A Year in Books

31 Dec

This year, I tackled a book challenge with an awesome friend of mine. The challenge wasn’t by number of books (I did the 50 book challenge in 2013 – I made it, but I was super stressed); instead it was by categories. Look how I did!


Overall, this was a fun new way to think about my bookshelves. I really enjoyed filling in the categories and finding books that interested me at the same time.

Some highlights:

  • The Mistborn trilogy (a book with more than 500 pages, a book with magic, and a trilogy). The first book had been sitting on my shelf for a year or two before I decided to try it out, and I think without the challenge I would have been missing out on it for another several years to come. I wrote a previous blog post about feeling emotionally invested in this series, and the ending of the trilogy found me sobbing. Incredible.
  • A Wrinkle in Time (a book from your childhood). I had started it with my mom when I was a kid and never finished it – even though when we started reading it, she flipped ahead to the end and gasped because she remembered the ending from when she was a kid, but could never remember which book it was. Loved having an excuse to get back to it and find out what that ending was.
  • Neverwhere (a book from an author you love that you haven’t read yet). I have a distinct memory of staring intently at the pages while sitting at the kitchen table of my old apartment when I had finished dinner but couldn’t put the book down until I had finished it too.
  • You’re Never Weird on the Internet (Almost) (a funny book). Charming!
  • The 100-Year-Old Man Who Climbed Out the Window and Disappeared (a book that became a movie). Just fun.

I never planned on finishing the entire challenge, since it asked for 50 books and I had no intention of reading that many. But I think 36 is a pretty solid number and I’m proud of it. I had plans for some of the categories, and I’m a little bummed I didn’t get to them. Some unfinished business:

  • A Pulitzer Prize-winning book: All The Light We Cannot See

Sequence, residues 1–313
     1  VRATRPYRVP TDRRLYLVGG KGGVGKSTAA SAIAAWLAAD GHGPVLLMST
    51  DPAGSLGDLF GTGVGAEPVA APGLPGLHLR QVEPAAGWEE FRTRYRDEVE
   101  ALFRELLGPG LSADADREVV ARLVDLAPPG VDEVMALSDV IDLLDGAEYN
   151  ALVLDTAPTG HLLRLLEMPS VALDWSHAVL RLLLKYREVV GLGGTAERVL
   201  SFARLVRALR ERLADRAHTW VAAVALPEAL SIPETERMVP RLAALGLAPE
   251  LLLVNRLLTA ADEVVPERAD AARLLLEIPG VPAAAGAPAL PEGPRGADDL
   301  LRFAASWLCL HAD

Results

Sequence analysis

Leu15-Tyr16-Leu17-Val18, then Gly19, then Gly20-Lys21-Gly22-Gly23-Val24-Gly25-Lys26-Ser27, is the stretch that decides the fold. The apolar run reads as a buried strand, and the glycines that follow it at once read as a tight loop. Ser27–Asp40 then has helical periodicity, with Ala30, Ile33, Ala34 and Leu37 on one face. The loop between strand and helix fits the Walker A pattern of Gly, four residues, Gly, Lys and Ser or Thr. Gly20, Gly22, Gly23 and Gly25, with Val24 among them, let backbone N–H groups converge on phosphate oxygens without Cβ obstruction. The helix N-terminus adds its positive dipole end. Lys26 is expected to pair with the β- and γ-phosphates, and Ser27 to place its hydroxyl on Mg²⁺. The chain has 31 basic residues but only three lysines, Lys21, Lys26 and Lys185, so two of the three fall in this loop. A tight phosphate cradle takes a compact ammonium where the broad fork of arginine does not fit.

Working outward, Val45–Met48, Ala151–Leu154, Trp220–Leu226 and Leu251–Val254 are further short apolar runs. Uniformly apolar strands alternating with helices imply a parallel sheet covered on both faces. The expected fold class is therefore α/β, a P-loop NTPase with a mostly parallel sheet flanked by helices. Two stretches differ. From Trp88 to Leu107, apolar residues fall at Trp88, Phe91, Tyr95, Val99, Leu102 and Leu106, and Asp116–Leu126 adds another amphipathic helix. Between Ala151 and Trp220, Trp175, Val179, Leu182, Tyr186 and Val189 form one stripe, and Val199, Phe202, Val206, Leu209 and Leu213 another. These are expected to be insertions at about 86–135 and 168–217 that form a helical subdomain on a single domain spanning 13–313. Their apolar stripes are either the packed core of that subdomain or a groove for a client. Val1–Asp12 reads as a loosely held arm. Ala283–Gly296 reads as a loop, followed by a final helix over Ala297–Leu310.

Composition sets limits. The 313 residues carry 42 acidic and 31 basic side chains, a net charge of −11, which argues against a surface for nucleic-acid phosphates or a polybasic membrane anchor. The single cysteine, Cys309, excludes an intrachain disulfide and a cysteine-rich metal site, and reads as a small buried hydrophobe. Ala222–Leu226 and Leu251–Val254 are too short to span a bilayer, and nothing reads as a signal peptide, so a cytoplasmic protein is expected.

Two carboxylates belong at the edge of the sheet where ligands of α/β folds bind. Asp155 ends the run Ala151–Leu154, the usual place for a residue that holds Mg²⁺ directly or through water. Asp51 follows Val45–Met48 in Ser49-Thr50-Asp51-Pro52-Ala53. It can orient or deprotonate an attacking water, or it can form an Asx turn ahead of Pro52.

• A book based on a true story: 1776
  • A book written by an author with your same initials: The Dragon Queen (happened to see it sitting on my shelf, written by a fellow AB)
  • A book you started but never finished: Dune (a friend of mine has a theory that everyone reads less than 100 pages of it and gives up, then years later reads it and loves it – I’ve done step one…)

And there were a few categories I had no aim to fulfill:

  • A book you were supposed to read in school but didn’t. I read every book I was supposed to in school. (I guess I could have read a book other classes read that I never did, but still. I was a good student.)
  • A book that scares you. I have a book I’m scared of because it’s a massive hardcover (The Crimson Petal and the White). I’m less scared of the content and more scared of the shoulder pain I’ll have from carrying it around in my purse.
  • A book with bad reviews. Life is too short, man.

I also had an excellent encounter this year for which I can thank this challenge. I read Every Day Is A Holiday, and thought I could finagle it into the “a book with antonyms in the title” category, but it was debatable. The author is self-published and mentioned in the book (which was a very fun read) that he enjoyed receiving emails from readers. So I emailed him for his opinion and we had a lively debate in which I presented my case Supreme Court-style, and as judge, he ruled against me. He pointed out that “every day” is not “everyday” and that I might as well try to argue “each ice cream flavor is different” is comprised of antonyms. Fair point, George. Fair point. Into “a book set in a different country” for you.

Overall, this was a fun year of reading. May 2017 bring good books for us all. (And some other nice things too, please.)


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